Irisin is a hormone that circulates in the blood at nanogram levels. The discovery of irisin in 2012 was exciting because scientists had potentially found one reason why exercise keeps us healthy. Mice studies had revealed that when irisin levels were increased in the rodents, their blood and metabolism improved. A recent study has now revealed that human irisin is similar to the mouse hormone and that it circulates in the range previously reported.
Senior study author Bruce Spiegelman from Dana-Farber Cancer Institute and Harvard Medical School said, "The confusion over irisin comes down to disagreement over how irisin protein is made in skeletal muscle cells and the detection limits of protocols." The research team turned to state-of-the-art techniques to show that the human hormone uses a rare signal ATA (start codon) to initiate the production of irisin.
Furthermore, they also developed a protocol, that does not rely on antibodies, to precisely measure how much irisin increases in people after exercise. Endocrinologist Francesco Celi from the Virginia Commonwealth University's medical center, who was not involved with the study, said, "The data is compelling and clearly demonstrates the existence of irisin in blood circulation. Importantly, the authors provide a precise and reproducible protocol to measure irisin."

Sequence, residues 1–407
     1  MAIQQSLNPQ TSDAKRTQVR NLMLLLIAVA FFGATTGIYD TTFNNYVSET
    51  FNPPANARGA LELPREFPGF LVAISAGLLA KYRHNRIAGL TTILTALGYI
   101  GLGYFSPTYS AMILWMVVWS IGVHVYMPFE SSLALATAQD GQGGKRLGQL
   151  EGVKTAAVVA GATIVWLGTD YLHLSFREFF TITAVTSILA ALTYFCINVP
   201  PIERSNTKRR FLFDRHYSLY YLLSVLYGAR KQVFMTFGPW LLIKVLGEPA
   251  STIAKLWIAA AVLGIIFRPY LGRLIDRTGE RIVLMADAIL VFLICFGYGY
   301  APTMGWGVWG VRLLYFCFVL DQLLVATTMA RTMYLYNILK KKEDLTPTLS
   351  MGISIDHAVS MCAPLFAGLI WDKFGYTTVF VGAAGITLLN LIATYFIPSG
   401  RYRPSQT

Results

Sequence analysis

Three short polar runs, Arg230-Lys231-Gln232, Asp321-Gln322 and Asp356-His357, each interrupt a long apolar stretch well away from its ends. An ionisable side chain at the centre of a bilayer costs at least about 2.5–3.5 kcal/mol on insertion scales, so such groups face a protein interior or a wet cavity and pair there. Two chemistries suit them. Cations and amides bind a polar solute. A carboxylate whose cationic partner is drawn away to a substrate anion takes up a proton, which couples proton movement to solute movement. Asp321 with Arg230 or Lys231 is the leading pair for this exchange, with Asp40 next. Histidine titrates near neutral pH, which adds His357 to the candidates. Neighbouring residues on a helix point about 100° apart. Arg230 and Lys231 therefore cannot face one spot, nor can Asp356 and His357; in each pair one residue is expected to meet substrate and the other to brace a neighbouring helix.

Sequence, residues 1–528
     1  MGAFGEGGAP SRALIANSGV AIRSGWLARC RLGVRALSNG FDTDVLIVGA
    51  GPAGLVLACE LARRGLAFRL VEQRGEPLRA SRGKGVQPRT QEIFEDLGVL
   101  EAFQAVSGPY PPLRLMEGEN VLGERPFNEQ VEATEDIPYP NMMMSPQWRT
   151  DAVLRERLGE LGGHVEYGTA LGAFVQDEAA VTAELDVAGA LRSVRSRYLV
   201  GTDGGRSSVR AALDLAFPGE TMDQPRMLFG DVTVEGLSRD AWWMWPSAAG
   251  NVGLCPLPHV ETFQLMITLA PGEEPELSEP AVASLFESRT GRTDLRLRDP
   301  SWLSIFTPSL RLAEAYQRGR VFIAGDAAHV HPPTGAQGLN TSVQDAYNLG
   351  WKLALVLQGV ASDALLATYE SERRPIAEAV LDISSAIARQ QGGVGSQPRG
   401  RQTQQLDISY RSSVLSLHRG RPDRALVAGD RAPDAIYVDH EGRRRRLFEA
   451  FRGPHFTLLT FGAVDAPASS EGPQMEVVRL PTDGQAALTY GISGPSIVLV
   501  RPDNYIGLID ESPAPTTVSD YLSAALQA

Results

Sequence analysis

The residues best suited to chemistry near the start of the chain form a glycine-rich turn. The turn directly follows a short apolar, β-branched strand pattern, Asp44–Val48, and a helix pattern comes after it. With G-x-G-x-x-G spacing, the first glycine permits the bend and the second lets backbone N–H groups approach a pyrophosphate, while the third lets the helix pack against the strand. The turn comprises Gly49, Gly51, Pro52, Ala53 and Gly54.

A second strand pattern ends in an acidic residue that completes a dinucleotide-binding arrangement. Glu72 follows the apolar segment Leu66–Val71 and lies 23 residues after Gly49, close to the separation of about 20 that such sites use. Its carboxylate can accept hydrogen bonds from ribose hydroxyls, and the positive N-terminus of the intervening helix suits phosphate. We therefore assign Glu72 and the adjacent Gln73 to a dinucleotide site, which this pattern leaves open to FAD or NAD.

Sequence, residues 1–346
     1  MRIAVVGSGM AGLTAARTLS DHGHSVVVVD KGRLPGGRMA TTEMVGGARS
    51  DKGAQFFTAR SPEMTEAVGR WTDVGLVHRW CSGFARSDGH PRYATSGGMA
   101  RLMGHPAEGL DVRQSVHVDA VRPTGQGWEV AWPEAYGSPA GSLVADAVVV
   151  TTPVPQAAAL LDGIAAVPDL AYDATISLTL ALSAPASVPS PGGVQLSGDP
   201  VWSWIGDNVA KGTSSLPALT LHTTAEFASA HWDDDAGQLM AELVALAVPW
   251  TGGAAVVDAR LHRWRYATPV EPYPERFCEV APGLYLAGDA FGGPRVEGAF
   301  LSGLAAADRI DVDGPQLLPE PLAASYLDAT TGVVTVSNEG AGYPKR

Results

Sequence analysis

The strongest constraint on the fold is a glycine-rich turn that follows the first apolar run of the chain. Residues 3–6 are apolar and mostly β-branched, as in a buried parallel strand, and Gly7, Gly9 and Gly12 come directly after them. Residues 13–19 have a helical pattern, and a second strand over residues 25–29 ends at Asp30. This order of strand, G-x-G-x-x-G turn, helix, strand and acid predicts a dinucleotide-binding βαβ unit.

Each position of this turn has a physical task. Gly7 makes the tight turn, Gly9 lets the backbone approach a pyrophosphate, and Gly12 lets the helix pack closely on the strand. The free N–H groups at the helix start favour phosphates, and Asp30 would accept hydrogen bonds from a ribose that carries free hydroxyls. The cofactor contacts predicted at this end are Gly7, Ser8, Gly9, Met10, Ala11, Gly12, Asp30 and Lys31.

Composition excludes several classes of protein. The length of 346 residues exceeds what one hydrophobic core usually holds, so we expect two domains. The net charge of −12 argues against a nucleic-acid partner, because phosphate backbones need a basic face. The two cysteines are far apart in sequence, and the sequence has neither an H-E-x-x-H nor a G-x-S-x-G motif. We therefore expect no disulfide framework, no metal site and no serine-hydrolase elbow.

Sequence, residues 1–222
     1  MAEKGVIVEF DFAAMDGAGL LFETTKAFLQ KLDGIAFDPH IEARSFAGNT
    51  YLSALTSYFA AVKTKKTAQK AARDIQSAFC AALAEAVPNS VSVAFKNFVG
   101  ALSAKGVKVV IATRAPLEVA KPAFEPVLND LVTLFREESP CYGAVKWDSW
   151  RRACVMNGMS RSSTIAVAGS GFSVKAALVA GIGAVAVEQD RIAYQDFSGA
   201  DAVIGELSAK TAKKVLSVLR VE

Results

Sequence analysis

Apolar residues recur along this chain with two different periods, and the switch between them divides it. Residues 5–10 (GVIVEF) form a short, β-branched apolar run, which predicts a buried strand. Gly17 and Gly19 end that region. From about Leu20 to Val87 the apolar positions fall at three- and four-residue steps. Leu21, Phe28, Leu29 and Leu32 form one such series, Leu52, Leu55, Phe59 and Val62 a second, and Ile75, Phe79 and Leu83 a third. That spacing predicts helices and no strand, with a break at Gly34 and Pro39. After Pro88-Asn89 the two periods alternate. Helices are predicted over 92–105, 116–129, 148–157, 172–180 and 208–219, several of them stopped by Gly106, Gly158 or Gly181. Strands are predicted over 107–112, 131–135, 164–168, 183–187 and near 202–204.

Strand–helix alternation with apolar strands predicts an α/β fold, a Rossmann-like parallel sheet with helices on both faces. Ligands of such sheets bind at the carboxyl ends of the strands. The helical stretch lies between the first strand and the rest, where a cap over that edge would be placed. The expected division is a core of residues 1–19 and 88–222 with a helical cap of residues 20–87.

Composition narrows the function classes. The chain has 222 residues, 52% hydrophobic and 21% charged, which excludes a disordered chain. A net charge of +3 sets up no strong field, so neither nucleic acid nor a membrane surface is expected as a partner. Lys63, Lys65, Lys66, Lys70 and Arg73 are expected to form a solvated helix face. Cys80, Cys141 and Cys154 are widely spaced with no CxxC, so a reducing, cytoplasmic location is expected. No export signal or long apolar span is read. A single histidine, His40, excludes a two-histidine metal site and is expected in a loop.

The findings from human studies are still mixed as to what kinds of exercise raise irisin, but data suggest that high-intensity training protocols are particularly effective. The researchers suggested that further studies are necessary to fully understand how the hormone works in humans, specifically how it relates to brown and beige fat tissue and energy use.
The study is published in Cell Metabolism.